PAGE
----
Mango Markets Hacker Rug Pulls Mango Inu Warned Investors They Would “Certainly Lose All Your Money”
Avraham Eisenberg, aka the Mango Markets “hacker,” boasted on Twitter about his most recent endeavor, Mango Inu, a meme coin based on Eisenberg’s infamous Mango Markets attack. However, a few days after announcing the initiative, Eisenberg made it apparent on Twitter that anyone who invested would “certainly lose all your money.”
Later, Eisenberg claimed that he could have earned far more money than the $100,000 he earned through Mango Inu for just thirty minutes of work. He lost money as a result of bots outpacing him because of the way he eliminated liquidity from the liquidity pools. Eisenberg predicted that if he had employed a different strategy, such as Flashbots, he would have made $250,000.
Eisenberg did not offer consolation to people who bought the meme coin. Eisenberg insisted that his activities were entirely legal in response to inquiries about their legality. Eisenberg used the same justification for taking advantage of Mango Markets, which he considered to be a sophisticated trading method.
According to Eisenberg, the rug pull should be classified as “simply open market liquidity transactions” due to the lack of marketing and information on Mango Inu.
The boastful character of Eisenberg’s tweets was the subject of a Reddit thread. The general consensus on Reddit was that the rug pull was “scumbag behavior,” and Eisenberg is probably going to acquire “a bullseye on his back” for bragging about his exploits in public.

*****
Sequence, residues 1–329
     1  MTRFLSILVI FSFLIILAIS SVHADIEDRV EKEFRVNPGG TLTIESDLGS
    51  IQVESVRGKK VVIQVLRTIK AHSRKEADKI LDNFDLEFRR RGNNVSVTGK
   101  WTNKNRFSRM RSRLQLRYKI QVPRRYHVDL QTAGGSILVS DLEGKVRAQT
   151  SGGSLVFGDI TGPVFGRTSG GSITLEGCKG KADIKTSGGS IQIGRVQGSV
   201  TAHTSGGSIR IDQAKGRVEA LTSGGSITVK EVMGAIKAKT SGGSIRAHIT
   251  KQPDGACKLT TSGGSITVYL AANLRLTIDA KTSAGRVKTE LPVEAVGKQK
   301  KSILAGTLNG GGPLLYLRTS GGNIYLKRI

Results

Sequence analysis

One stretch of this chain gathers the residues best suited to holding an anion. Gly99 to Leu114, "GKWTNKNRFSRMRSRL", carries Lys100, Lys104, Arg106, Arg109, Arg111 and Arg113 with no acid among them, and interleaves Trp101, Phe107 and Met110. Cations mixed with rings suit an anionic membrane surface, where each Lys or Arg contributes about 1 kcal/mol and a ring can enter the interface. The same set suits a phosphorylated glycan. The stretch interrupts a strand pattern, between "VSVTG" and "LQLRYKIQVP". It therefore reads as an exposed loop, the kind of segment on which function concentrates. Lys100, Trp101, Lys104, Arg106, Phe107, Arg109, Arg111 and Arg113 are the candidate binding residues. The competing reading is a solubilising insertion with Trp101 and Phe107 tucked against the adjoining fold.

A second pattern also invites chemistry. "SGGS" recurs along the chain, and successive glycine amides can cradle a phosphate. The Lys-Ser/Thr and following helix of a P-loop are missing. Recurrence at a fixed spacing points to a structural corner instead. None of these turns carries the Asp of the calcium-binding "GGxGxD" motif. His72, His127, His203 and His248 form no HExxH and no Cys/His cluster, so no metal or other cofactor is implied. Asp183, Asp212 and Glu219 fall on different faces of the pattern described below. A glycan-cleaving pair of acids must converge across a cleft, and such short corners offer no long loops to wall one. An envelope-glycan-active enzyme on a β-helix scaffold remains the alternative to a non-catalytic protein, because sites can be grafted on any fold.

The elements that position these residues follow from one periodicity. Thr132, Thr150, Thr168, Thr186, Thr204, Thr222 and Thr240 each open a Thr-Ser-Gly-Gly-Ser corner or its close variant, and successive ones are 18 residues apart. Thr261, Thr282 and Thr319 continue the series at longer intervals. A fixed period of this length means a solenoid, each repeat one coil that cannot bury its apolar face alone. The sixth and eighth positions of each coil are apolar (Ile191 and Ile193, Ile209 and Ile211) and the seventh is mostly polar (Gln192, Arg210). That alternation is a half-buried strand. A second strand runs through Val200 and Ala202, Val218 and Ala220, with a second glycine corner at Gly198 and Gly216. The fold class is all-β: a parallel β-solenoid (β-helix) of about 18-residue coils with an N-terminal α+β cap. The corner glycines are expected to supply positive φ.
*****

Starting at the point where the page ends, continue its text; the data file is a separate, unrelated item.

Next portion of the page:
According to Mihai, a Twitter user, Eisenberg did advertise Mango Inu through his account, disproving his claim that he “did absolutely no promotion.” In a later response, Eisenberg said Mango Inu was “analogous to selling a package clearly designated empty box,” denying that any of his claims were false.
Eisenberg replied by sharing a meme laughing at crypto investors losing money – Mango Markets
Eisenberg seems to have engaged in a number of misdeeds in recent years. He published an article on Substack in January titled “How our team makes millions in cryptocurrency risk-free.” Several NFT bot-sniping campaigns and an AAVE loan exploit utilizing the rebasing token AMPL are credited to the blog.
The essay closed by inviting readers to submit “alpha” and concepts for related campaigns in cryptocurrency or elsewhere.
“We have the skills to execute and the capital to maximize. It doesn’t necessarily need to be in crypto.”
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